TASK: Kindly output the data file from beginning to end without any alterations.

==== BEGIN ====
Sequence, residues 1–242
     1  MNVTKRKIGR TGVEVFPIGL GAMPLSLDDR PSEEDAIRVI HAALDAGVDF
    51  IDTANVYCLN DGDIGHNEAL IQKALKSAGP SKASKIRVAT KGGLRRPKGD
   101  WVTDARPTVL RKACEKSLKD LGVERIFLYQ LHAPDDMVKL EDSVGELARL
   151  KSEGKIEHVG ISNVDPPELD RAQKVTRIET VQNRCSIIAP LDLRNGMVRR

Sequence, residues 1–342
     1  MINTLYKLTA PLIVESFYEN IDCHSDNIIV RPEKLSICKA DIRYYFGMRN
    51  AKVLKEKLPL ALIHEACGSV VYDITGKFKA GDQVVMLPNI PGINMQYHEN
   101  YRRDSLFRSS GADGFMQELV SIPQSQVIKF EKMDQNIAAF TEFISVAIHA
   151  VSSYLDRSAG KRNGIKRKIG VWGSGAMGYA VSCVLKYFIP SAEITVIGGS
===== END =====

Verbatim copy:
Sequence, residues 1–242
     1  MNVTKRKIGR TGVEVFPIGL GAMPLSLDDR PSEEDAIRVI HAALDAGVDF
    51  IDTANVYCLN DGDIGHNEAL IQKALKSAGP SKASKIRVAT KGGLRRPKGD
   101  WVTDARPTVL RKACEKSLKD LGVERIFLYQ LHAPDDMVKL EDSVGELARL
   151  KSEGKIEHVG ISNVDPPELD RAQKVTRIET VQNRCSIIAP LDLRNGMVRR

Sequence, residues 1–342
     1  MINTLYKLTA PLIVESFYEN IDCHSDNIIV RPEKLSICKA DIRYYFGMRN
    51  AKVLKEKLPL ALIHEACGSV VYDITGKFKA GDQVVMLPNI PGINMQYHEN
   101  YRRDSLFRSS GADGFMQELV SIPQSQVIKF EKMDQNIAAF TEFISVAIHA
   151  VSSYLDRSAG KRNGIKRKIG VWGSGAMGYA VSCVLKYFIP SAEITVIGGS